Saturday's attack is the biggest on Saudi oil infrastructure since Saddam Hussein's invasion of Kuwait in 1990.Energyread more
Saudi Aramco is aiming to restore by Monday about a third of its crude output that was disrupted after drone attacks on two key oil facilities, The Wall Street Journal...Marketsread more
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Oil prices are expected to jump as much as $10 per barrel after a coordinated drone strike hit Saudi Arabia's largest oil field, forcing the kingdom to cut its oil output in...Marketsread more
Apple's new iPhones can still send texts, download apps, and make video calls, but the company spends a lot of time and effort marketing its new phones as powerful photography...Technologyread more
The trucking industry is worth hundreds of billions of dollars per year. Uber is going after this market with Uber Freight, an online platform that matches truckers with...Technologyread more
Some U.S. manufacturers say tariffs, if targeted, will help address longstanding unfair trade practices like intellectual property theft.Traderead more
Supporters of a $15 minimum wage ballot initiative in Florida argue the state's inflation-tied pay hikes have not gone far enough.2020 Electionsread more
Saudi Arabia shut down half its oil production Saturday after drone strikes hit the world's largest oil processing facility in an attack claimed by Yemen's Houthi rebels.Politicsread more
Trusii's hydrogen water machines were supposed to help users with their health problems, but customers claim the company is involved in a giant scam.Technologyread more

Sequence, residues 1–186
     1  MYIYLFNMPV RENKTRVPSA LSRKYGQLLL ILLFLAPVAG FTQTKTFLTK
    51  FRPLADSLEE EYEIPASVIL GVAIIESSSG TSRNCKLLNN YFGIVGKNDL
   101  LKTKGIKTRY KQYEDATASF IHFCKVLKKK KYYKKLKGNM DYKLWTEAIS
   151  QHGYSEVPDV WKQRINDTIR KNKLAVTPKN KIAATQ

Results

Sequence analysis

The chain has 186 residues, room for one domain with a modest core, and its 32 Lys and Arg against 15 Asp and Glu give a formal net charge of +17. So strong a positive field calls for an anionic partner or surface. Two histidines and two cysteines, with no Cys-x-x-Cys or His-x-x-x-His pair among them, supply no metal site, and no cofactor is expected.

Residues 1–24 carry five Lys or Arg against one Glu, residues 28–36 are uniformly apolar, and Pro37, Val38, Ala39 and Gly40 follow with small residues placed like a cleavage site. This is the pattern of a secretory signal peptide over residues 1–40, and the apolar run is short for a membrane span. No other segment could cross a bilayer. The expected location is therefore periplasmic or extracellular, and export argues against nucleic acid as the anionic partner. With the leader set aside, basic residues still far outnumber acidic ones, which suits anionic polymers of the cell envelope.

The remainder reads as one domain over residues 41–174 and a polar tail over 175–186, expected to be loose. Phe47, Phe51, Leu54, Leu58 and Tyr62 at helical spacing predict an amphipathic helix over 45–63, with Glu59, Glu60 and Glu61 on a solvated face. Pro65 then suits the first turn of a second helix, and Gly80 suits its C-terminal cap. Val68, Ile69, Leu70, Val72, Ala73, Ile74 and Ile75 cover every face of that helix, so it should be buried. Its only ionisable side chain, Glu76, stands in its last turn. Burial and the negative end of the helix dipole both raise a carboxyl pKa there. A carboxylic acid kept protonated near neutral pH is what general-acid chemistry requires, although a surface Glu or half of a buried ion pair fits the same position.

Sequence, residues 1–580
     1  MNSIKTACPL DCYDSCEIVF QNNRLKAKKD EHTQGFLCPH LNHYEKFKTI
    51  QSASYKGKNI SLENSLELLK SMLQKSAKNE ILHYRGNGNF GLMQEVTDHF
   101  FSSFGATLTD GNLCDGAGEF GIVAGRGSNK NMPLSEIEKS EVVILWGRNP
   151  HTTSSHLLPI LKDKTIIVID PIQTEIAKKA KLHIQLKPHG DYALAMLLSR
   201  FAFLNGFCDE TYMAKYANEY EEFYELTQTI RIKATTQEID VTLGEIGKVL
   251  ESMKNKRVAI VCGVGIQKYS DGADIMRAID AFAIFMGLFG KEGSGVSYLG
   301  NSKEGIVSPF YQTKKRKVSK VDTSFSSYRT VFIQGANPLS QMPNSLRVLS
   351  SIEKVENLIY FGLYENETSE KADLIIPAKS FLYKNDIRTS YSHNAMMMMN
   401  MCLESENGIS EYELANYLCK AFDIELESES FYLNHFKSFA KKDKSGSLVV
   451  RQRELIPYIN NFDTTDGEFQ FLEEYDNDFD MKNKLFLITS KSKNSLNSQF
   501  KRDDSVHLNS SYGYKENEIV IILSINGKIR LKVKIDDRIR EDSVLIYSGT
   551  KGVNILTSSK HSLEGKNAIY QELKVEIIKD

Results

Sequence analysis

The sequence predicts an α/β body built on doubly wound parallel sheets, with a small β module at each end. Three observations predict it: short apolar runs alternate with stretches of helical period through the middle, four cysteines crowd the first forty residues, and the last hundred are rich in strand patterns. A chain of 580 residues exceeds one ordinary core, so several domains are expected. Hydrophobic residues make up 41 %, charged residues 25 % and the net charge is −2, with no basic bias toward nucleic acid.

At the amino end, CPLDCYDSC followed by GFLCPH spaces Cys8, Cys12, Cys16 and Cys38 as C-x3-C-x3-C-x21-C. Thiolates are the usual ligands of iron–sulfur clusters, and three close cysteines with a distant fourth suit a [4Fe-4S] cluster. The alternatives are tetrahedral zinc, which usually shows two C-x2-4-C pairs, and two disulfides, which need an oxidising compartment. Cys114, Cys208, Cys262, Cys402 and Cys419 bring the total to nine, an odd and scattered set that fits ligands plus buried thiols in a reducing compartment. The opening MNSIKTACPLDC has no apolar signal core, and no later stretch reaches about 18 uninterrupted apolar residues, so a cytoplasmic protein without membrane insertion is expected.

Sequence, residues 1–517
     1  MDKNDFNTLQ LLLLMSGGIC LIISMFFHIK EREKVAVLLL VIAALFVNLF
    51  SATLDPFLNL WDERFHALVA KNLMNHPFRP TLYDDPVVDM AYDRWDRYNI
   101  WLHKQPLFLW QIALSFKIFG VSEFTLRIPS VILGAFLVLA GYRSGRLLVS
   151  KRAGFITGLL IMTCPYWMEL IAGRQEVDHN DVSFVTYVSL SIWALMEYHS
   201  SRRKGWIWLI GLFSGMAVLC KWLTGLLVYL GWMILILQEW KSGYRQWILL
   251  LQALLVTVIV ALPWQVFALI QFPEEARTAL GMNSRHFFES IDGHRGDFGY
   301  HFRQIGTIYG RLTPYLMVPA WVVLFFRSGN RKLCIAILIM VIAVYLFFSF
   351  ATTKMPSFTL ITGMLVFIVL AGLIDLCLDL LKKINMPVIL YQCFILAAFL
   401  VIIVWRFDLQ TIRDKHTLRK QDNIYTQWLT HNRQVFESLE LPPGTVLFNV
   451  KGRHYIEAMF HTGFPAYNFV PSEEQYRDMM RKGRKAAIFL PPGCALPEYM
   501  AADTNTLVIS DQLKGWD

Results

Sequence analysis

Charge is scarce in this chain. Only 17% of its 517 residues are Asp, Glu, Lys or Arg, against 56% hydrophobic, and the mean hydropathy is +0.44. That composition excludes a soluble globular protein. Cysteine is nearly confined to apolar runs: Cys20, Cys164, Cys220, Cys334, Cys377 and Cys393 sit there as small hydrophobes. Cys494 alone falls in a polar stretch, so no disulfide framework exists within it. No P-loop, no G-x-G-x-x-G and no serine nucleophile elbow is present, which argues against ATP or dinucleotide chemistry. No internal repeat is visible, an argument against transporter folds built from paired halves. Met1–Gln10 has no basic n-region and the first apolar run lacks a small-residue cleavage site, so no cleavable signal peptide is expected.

The decoupling of the world's two weightiest economies seems as inescapable as its extent and global impact remains incalculable.Politicsread more
The House and Senate plan to vote this week to push the government shutdown deadline back two weeks, delaying another immigration fight and a possible lapse in funding, a House leadership aide said Monday.
Both chambers aim to approve a funding extension by voice vote before Friday's government shutdown deadline. The measure would keep the government open through Dec. 21.
The Republican-controlled Congress hoped to strike a spending deal with Democrats this week, even as President Donald Trump's demand for $5 billion to fund his proposed border wall raised the prospects of a partial government shutdown. But President George H.W. Bush's death and funeral arrangements shifted the focus in Washington away from funding talks this week.
Trump was set to meet with Senate and House Democratic leaders Chuck Schumer and Nancy Pelosi, respectively, on Tuesday morning to discuss government funding. They delayed the talks until next week after Bush's death, Democratic aides said Monday.
Congress already funded five government agencies for the next fiscal year. It still needs to pass spending bills for seven more, including the Department of Homeland Security.
Senate Democrats have said they will agree to put no more than $1.6 billion toward border security and fencing, but not the physical wall Trump seeks. Schumer has put the burden on Trump to avoid a government shutdown. The Senate GOP has 51 seats in the chamber and needs nine Democratic votes to pass a spending bill.
House Democrats, who will have control of the chamber starting next month, appear less willing to give the president border security funding than their Senate counterparts.